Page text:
Few series acclimate the viewer as quickly and completely to its period as Netflix‘s “Griselda,” a drama set in the ’70s and ’80s about cocaine magnate Griselda Blanco (Sofia Vergara). From the show’s opening frames, the filmmakers immerse the viewers in 1970s Miami, giving an immediate and persuasive sense that what we’re watching is something more than a typical reconstruction of an era — it feels as though someone just happened to drop a camera in the middle of the real Griselda’s life and captured everything that occurred as it occurred.
Some of this comes from the carefully chosen and steadily accumulating period details in the production design and costumes, but what really allows “Griselda” to establish its ’70s milieu within seconds is the gorgeously textured cinematography by Armando Salas, ASC. In partnership with director Andrés Baiz, who, like Salas, worked on all six of the series’ episodes, Salas came up with a color palette and grain structure that works on a subconscious level, convincing the viewer that the footage is from 1978. For Salas, it began with an exploration of still photography from the period.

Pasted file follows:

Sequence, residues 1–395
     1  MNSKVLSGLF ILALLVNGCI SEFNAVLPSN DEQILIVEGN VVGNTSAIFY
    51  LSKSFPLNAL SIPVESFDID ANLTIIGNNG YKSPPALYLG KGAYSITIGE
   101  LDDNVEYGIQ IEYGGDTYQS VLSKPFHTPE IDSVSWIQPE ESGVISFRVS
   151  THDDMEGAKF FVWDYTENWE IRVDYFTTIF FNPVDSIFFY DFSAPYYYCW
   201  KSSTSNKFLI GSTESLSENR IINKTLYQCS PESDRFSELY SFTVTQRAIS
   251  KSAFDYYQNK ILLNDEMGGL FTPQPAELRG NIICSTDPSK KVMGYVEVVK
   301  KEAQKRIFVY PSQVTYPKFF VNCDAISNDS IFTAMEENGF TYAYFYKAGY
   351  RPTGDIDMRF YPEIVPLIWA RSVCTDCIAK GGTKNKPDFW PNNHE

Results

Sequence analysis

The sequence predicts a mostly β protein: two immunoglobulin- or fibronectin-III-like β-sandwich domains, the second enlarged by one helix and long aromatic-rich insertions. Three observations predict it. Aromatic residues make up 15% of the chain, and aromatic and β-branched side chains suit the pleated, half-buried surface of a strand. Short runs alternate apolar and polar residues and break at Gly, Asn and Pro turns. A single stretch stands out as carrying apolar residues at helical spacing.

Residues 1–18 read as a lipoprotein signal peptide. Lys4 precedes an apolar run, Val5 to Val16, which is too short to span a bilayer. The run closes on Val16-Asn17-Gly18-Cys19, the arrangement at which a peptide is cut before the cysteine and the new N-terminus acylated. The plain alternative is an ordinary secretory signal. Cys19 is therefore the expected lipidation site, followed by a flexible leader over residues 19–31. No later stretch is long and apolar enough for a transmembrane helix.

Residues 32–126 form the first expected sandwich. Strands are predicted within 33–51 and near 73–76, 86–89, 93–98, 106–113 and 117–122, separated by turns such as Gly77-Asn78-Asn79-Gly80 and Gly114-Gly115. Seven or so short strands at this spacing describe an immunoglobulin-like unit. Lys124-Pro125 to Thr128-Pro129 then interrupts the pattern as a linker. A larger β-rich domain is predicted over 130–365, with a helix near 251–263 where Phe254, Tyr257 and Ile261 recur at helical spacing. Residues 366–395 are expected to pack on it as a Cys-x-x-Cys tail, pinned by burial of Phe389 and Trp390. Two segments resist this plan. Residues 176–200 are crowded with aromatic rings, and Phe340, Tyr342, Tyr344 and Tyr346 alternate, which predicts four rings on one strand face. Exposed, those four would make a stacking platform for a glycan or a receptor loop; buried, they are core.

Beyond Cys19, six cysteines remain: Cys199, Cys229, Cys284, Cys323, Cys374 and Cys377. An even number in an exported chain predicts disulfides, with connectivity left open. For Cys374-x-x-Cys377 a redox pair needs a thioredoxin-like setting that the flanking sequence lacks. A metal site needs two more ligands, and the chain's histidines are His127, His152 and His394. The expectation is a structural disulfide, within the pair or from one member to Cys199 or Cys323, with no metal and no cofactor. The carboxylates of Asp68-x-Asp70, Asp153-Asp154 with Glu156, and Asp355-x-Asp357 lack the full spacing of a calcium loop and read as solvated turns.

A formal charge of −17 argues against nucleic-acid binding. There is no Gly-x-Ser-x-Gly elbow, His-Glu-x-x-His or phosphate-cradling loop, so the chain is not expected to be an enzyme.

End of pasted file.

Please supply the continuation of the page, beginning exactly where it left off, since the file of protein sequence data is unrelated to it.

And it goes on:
More from IndieWire
“We looked at films from the ’70s, but we also looked at a lot of photographs,” Salas told IndieWire. “Photography has this great benefit, which is that you are not limited by the distribution and archival qualities of the period — did it have to go through internegatives or interpositives, and how was it scanned for us to see it now? With photography, you get beyond all that, and you actually see what the film stocks of the ’70s looked like.” Salas quickly learned that older film stocks rendered color differently from current methods of digital cinematography. “The electronic sensors have gotten so good at capturing reality and massive amounts of color information that sometimes it’s a little distracting. So sometimes it became about taking away color information that we didn’t want and being really specific about what older film stocks did to approximate those colors.”
Salas found that the way ’70s photographs represented color had an impressionistic quality that he wanted to recreate. “We have this love for the way those colors are rendered because they’re beautiful and they’re painterly,” he said. “But they’re not necessarily realistic.” That idea of a painterly quality became a guiding principle for the look of the series: “A painter looks out at the world and paints a landscape that isn’t what’s there, it’s filtered through the paint and the brush and the eye of the artist in terms of what is important for that scene. That’s what we were trying to do in terms of color, we were trying to distill down to the essentials.”